Hillary Clinton

Clinton pitches national fund to deal with outbreaks like Zika

Informational Zika posters for pregnant women were displayed behind Democratic presidential nominee Hillary Clinton when she toured the Borinquen Health Care Center in Miami.
Informational Zika posters for pregnant women were displayed behind Democratic presidential nominee Hillary Clinton when she toured the Borinquen Health Care Center in Miami. AP

In response to Miami’s rash of Zika infections, Hillary Clinton on Wednesday will propose the creation of a public-health fund with money available year-round to quickly respond to disease outbreaks.

The Democratic presidential candidate cited congressional inaction on Zika, the mosquito-borne virus that has spread in South Florida during lawmakers’ seven-week summer recess. Legislators left Washington in mid-July after having failed to pass President Barack Obama’s emergency-funding request to fight Zika — and won’t return until after Labor Day.

“Uncertain long-term budgets leave our public health agencies dependent on emergency appropriations — meaning that when Congress fails to step up, communities are left without the resources they need, vaccines languish in development, and more people get sick,” Clinton said in a statement that in addition to Zika referred to the Ebola virus and other diseases and public-health threats.

Clinton’s proposed “Public Health Rapid Response Fund” would be aimed at providing financial relief to the Centers for Disease Control and Prevention, the Health and Human Services Department, the Federal Emergency Management Agency and state and local public health departments and hospitals.

Clinton did not specify where money for such a fund would come from, or how much would be in it — other than she’d like for it to have “consistent, year-to-year budgets.”

Her proposal comes two weeks after the former secretary of state traveled to the Borinquen Health Care Center in Midtown, just outside of Wynwood, the Miami neighborhood with the highest number of confirmed cases of locally transmitted Zika virus. Both her visit and new public-health policy plan are intended to draw a contrast with Republican nominee Donald Trump, who has hardly mentioned the Zika outbreak.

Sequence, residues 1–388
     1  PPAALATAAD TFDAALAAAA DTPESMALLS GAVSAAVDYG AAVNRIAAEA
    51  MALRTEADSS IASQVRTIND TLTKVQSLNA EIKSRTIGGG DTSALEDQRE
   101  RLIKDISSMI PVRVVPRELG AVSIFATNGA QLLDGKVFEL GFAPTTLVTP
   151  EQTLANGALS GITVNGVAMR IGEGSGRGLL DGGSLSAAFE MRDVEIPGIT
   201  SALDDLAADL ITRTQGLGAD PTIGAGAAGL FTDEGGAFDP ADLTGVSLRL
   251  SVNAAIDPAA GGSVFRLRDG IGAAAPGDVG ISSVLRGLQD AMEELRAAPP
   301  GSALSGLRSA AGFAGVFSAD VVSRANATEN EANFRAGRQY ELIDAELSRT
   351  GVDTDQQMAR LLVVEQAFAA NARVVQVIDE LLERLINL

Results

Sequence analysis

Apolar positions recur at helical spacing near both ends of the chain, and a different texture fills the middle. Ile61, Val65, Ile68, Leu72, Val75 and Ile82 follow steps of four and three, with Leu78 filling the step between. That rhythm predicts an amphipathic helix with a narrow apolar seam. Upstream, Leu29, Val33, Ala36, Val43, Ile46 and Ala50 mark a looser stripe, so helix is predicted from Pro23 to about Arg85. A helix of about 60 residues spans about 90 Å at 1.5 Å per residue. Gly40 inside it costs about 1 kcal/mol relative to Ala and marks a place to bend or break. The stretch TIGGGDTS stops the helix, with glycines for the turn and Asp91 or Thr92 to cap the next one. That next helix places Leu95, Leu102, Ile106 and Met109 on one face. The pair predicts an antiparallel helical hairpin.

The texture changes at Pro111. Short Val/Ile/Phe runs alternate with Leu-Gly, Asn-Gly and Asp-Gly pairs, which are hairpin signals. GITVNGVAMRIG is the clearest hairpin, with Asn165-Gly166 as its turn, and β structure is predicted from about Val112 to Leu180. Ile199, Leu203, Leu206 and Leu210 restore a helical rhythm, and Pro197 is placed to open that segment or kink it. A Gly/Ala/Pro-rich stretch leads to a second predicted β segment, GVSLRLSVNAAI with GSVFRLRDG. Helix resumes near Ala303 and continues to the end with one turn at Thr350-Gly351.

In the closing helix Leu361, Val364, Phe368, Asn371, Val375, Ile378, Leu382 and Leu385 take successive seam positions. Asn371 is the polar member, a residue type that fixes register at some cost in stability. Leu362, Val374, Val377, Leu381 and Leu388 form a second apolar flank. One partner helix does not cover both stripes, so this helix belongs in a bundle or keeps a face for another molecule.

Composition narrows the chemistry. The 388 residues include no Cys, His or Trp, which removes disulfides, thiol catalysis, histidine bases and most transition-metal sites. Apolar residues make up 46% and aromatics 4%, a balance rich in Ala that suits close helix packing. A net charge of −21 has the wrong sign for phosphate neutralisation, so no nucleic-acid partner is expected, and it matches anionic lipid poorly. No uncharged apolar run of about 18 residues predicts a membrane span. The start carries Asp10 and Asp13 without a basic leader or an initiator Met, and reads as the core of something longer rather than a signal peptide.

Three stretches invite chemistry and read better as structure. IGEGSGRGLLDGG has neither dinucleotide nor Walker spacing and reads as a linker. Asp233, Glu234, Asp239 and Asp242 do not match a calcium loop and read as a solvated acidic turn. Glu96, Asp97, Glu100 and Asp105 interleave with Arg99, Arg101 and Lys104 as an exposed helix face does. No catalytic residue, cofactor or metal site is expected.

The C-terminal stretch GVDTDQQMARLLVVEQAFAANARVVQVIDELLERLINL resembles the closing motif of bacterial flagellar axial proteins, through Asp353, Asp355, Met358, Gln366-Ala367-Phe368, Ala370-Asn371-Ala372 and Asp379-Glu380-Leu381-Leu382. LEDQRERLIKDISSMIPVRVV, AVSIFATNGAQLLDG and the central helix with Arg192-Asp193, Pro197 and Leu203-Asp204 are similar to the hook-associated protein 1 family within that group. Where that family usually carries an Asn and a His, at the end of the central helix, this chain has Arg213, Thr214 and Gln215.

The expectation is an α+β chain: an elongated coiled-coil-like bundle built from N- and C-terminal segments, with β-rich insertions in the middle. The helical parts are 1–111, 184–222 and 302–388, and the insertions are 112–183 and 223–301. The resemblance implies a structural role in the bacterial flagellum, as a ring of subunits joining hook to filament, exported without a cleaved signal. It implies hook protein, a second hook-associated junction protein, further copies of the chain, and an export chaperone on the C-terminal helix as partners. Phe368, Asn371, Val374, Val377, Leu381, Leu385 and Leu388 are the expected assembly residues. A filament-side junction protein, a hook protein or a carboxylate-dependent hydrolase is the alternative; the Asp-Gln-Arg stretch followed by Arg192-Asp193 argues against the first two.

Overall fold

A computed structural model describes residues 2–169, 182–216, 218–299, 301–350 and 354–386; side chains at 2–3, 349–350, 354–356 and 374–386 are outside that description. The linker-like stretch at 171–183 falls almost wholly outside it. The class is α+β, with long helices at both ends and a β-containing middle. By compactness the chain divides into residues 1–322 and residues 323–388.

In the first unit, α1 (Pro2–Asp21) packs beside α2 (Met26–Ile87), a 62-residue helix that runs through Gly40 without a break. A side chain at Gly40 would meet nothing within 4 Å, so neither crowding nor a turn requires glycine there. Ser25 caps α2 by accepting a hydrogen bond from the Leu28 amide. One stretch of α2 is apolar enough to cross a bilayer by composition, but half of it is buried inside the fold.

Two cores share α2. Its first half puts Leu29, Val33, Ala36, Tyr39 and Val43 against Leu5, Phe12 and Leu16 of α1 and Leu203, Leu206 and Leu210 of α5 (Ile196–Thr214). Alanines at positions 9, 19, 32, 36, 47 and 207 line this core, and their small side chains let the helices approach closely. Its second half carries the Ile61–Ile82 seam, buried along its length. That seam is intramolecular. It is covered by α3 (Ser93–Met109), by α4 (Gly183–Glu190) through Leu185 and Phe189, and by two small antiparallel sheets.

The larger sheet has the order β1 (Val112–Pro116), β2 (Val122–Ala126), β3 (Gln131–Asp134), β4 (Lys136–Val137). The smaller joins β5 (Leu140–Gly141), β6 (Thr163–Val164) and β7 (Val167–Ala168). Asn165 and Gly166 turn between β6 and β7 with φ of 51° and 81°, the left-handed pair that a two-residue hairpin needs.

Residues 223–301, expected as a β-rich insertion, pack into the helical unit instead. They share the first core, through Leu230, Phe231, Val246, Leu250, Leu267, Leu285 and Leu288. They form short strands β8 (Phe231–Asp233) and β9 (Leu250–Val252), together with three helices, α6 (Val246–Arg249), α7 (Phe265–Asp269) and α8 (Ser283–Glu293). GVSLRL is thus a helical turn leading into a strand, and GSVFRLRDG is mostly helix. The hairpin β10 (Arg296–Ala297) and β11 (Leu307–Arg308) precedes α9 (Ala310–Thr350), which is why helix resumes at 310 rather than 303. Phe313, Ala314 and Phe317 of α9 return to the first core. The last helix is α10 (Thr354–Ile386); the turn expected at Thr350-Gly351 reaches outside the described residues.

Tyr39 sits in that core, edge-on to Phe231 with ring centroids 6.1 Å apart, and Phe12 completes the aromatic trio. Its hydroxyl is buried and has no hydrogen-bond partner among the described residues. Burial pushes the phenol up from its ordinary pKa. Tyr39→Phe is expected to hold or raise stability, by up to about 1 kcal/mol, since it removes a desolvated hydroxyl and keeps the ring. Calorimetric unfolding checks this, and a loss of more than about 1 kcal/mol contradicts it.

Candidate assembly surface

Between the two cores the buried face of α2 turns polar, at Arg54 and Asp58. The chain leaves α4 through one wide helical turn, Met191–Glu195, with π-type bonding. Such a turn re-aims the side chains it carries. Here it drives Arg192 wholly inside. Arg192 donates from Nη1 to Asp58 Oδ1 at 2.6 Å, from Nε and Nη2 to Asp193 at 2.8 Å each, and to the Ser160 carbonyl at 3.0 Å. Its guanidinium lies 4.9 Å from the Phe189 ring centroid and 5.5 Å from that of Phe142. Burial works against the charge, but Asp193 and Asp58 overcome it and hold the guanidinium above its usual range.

Asked about the virus in a Florida interview earlier this month, Trump indicated Florida Gov. Rick Scott — a Republican Trump supporter — might have the power to convene a special session of Congress. He doesn’t.

Florida members of Congress from both political parties have clamored for fellow lawmakers to return to Capitol Hill and approve emergency Zika-fighting funds. Neither side has gotten any traction, however; existing federal dollars aren’t set to start drying up until the end of September.

Clinton’s public-health fund idea has been batted around in Congress before, with some bipartisan interest. Florida Republican Sen. Marco Rubio recently told the Miami Herald editorial board he would support such a fund, especially given the political battles in Washington in response to Zika and Ebola outbreaks.

“It’s particularly important in the 21st century because of the amount of international travel: In essence, if there’s an outbreak anywhere in the world, it is just a matter of time before it enters the U.S. some way, some how,” Rubio said, without committing to how big the fund might be. “I do support the creation of a fund so that, in case of a future pandemic or outbreak, we can move on it without having to have all these votes in Congress.”

In her statement, Clinton noted that physicians and public-health experts “have been warning for months that the Zika virus was likely to reach the continental United States,” but that didn’t ease the congressional gridlock.

“As a result, the Zika virus has gained a foothold in Miami, and 183 people have already been infected in the city — infections that may have been preventable,” she said, using a number that includes travel-related cases from people infected abroad.

The U.S. government, Clinton added, should also be better prepared for threats from biological weapons and from climate change, which she said could expand the reach of water-borne illnesses and infections such as Lyme disease.